By Jay Skelton
As our group traveled around Europe, the most common type of place we visited was a memorial of some kind or another. Most of those we saw were for the victims of Nazi genocide and the Holocaust, although some were dedicated to soldiers and those who fought and died for their country or what they believed in. These memorials about soldiers and victims are almost always controversial and spark the most intense conversations within in the group. One question that never seems to come up is who the memorials are for. On the surface it seems simple, the monuments are to memorialize the victims of a tragedy. But that is only surface level, and begs the following question:
Are memorials for the victims? Victims whose life was taken from them because of some evil they could not expect. Victims who were murdered because some other person or people never wanted them to exist in the first place. Victims who were taken from their families and their friends, never to be seen again. Victims whose only lingering presence is in their absence, the gaping whole in society left by what they could have done. A memorial cannot fill that void. Those people can never visit a site made of stone, or see again the place they were murdered, where their bodies were burned or buried. They cannot visit and mourn at the sites we created for them. And, when these sites are pure creations, separate from the historical places where tragedies occur they can become open to interpretation. Even worse, when added on top of historical places, they become superfluous, and can even overwrite the power that the site holds. These types of memorials remove themselves from the actual suffering of the victims and cannot truly honor victims or survivors.
The survivors lost everything but their lives, to emerge at the end of an immense tragedy,
beaten, broken and scarred. Their lives contained unimaginable pain and anguish, having seen their friends and families murdered knowing at any time they could be next. The survivors will never forget what they endured or the people that endured it with them. If they cannot forget the tragedies that befell them, why do we build a place, a building, or a sculpture for them to remember the one thing they will never forget? Can a memorial even capture a brief part of their experience, or make the audience understand in even a small way what they went through?
If memorials are not for the people who are being memorialized, then there is only one other option. They are for everyone else. They are for us. The people that visit them, that mourn at them, and remember loved ones lost, or tragedies in our past. But what if those people cannot mourn for loved ones they lost, because they have no direct connection to the events that have been permanently set in stone? Those people who never knew a future victim, met a survivor, or even faced extreme persecution in their life. In fact, those are the people that are the most important – the memorial has the possibility to build the connection within the hearts of those people who have none. Memorials can connect us to events and people where no other connection could exist. And that connection has incredible power. In fact, it can be life-saving.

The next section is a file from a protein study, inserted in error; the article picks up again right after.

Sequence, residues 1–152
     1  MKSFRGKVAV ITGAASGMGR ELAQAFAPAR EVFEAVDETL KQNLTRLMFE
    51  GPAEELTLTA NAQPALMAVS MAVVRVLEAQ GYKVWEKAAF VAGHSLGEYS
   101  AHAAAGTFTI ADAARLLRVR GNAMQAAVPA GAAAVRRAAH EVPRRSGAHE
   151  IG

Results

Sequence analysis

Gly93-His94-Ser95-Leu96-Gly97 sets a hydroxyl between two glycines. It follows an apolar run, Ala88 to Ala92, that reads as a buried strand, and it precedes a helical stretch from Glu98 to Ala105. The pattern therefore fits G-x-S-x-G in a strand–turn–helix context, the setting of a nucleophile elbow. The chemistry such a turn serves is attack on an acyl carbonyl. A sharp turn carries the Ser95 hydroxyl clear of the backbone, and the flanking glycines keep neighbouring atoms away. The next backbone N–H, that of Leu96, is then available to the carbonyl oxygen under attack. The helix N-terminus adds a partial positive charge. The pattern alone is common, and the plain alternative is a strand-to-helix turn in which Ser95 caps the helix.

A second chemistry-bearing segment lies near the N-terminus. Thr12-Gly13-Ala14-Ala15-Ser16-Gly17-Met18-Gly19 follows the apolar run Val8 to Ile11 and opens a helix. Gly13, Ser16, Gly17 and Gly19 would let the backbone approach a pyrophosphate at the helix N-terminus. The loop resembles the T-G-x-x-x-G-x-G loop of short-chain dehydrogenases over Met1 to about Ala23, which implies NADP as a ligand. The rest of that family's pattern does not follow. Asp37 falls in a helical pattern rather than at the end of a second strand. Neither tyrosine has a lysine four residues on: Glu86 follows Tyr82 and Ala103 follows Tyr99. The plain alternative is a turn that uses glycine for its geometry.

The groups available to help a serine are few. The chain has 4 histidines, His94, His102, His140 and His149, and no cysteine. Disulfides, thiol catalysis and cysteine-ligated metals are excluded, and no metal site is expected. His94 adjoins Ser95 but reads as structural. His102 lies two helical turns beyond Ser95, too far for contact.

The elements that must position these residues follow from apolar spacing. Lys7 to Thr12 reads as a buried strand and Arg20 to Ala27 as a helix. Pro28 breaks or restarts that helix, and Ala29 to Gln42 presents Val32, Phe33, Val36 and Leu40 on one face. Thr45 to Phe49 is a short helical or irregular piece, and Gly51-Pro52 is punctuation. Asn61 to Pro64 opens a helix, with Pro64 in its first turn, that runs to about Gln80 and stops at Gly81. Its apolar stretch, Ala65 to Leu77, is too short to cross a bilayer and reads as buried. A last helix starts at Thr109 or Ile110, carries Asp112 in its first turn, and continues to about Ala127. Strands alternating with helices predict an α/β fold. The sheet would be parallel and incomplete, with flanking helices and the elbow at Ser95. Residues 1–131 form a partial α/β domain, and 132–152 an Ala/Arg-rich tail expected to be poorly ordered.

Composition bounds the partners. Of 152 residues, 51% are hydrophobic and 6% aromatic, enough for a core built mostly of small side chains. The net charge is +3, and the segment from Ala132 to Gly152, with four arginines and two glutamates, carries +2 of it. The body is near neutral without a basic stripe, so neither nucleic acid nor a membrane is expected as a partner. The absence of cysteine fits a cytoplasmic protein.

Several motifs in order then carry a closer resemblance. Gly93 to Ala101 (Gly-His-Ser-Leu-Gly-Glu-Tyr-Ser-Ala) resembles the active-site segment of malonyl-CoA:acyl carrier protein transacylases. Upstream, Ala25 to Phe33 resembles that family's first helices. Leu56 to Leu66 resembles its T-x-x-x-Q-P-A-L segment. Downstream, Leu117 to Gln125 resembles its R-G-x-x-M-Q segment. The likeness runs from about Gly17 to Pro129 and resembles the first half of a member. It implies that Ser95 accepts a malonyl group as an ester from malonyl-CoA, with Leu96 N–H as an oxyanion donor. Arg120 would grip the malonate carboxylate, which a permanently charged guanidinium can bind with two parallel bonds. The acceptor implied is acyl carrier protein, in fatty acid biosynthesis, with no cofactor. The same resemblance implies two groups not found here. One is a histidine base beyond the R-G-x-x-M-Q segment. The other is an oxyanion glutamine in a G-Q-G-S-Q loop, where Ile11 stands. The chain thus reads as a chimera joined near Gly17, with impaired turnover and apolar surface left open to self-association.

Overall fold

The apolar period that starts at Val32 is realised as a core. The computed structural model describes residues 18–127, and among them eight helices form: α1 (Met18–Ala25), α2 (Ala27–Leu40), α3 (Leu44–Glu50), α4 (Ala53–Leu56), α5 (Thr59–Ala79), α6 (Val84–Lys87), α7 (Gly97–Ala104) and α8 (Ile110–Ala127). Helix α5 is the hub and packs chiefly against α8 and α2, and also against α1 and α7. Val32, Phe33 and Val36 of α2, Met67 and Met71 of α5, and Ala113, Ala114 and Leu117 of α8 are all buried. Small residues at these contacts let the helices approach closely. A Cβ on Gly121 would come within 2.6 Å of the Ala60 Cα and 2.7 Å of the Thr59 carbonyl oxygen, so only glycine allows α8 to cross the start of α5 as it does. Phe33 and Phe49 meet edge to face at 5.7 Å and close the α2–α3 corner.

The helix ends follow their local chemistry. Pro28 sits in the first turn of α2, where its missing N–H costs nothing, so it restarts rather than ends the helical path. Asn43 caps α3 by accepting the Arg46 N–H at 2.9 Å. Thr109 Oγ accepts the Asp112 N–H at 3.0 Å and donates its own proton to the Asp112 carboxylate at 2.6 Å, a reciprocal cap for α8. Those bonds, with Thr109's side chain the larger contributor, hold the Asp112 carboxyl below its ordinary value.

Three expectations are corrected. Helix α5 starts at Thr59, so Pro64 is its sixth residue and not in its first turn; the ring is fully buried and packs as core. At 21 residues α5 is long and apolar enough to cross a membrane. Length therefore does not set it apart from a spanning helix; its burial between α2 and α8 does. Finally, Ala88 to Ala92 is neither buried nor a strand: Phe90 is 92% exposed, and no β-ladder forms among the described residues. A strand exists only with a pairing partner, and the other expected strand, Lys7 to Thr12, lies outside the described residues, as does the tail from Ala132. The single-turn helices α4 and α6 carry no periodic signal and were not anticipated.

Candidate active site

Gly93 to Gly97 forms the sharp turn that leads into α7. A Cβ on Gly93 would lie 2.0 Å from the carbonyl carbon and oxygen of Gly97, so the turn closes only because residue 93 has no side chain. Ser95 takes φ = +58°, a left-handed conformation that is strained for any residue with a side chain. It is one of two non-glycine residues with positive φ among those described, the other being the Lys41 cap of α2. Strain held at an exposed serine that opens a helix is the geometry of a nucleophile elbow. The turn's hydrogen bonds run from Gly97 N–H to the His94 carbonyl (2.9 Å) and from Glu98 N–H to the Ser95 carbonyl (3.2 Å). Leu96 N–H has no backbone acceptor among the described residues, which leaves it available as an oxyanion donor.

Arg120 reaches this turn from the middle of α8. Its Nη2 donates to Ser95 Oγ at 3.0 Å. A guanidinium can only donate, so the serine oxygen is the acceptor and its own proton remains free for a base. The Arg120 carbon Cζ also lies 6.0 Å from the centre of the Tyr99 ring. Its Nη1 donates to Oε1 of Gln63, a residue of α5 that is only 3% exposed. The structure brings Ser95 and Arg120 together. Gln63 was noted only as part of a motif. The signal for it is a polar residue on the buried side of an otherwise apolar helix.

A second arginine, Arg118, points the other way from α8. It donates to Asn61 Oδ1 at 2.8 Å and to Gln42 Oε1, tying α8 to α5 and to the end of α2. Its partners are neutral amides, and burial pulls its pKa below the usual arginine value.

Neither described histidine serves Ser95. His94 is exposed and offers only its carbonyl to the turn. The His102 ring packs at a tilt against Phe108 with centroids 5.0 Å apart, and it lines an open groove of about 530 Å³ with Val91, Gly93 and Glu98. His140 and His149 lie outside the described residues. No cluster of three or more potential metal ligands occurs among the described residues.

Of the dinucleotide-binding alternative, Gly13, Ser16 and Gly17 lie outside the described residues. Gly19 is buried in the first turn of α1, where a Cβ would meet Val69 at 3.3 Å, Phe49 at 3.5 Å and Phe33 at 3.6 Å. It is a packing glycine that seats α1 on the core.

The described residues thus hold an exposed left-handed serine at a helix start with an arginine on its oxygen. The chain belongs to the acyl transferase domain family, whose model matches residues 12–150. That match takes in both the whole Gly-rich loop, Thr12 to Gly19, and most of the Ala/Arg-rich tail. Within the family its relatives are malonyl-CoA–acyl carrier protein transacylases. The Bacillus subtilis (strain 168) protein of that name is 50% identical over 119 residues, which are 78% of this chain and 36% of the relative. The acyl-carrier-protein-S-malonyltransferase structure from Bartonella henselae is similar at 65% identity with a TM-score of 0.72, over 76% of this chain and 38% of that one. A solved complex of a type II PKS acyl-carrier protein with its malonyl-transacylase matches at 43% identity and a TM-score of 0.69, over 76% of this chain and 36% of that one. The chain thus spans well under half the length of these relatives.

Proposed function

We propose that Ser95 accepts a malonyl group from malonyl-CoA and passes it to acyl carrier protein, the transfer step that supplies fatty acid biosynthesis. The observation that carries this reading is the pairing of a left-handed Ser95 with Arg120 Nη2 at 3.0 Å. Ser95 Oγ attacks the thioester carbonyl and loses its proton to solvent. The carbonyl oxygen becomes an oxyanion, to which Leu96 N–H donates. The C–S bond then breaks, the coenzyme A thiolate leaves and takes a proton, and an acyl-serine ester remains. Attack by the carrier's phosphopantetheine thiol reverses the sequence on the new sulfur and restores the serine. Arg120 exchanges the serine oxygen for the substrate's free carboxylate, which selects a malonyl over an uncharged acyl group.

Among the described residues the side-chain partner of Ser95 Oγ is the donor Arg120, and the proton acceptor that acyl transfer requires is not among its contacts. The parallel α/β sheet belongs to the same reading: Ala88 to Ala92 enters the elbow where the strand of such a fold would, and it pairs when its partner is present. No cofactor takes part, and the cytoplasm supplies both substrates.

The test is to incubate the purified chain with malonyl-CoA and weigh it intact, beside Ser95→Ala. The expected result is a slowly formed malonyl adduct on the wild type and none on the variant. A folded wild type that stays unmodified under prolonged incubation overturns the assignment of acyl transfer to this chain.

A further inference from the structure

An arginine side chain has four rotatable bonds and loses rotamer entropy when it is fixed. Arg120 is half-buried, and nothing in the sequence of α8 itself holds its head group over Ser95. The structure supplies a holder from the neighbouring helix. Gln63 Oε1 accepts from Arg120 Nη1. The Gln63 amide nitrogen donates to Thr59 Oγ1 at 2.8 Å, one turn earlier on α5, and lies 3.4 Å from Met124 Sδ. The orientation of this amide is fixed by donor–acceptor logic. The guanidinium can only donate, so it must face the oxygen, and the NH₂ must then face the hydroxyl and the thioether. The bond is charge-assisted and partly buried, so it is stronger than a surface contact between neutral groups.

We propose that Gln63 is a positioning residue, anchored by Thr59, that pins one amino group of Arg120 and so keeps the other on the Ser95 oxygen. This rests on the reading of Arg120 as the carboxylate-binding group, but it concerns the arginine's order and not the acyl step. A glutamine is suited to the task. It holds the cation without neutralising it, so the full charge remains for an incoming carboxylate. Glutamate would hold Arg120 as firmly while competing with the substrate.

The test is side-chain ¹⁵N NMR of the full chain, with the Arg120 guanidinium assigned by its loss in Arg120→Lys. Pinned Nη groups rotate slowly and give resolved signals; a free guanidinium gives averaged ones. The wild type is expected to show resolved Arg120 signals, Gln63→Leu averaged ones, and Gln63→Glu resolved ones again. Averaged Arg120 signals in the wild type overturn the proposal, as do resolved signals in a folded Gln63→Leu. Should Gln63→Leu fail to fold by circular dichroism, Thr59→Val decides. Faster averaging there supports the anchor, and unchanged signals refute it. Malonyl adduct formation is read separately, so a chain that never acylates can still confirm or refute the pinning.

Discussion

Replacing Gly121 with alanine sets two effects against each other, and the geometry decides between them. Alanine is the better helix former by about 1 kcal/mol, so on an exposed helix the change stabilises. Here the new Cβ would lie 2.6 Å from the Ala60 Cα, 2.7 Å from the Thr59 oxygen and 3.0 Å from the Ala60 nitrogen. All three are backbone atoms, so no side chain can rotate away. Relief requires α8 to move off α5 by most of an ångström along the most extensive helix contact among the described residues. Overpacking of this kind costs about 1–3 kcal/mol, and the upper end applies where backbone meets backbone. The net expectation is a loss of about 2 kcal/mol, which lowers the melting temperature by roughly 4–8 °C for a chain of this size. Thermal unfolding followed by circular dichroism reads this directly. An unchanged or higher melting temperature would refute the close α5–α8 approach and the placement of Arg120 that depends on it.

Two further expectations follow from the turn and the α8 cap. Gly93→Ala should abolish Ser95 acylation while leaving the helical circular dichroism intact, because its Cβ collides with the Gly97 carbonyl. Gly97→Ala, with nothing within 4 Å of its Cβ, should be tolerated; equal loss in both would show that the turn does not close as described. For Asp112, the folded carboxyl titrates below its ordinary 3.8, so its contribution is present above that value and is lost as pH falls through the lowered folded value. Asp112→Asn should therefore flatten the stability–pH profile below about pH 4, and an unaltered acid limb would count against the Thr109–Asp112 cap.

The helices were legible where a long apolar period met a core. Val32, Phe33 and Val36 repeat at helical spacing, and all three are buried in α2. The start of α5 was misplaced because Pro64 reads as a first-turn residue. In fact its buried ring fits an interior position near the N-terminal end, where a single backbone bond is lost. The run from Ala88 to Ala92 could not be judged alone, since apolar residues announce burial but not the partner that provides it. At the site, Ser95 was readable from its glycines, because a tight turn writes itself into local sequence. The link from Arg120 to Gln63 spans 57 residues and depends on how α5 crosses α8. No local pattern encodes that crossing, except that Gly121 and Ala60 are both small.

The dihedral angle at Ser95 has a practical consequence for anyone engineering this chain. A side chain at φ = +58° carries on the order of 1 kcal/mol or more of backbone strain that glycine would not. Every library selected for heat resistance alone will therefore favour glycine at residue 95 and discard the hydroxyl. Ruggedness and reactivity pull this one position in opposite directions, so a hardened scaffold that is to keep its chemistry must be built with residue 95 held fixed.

When people have a connection to an event, they are more likely to learn more about it. When it comes to something like the Holocaust, which was a governmentally run genocide, knowing more about it can allow people to see a connection between the past and the present. In essence, they might be able to discern when certain people or policies can lead down a dark path. And some of the people who see that connection might just have the courage to stand up and fight against dangerous policies; and, in that way, they could save lives. Therefore, the purpose of a memorial is not to honor the dead, but to motivate the living to honor the dead. But not by simply remembering them, but by acting in a way that honors them. By protecting those who have no one else to protect them, and above all to remember one horrible truth: “It happened, therefore it can happen again.” This is the immense power that a memorial has. It does not simply remember the past, but it can affect the future through those who interact with it. That is how discussions regarding
memorials should be framed. By remembering that they are for us, so we can have the courage to change the future.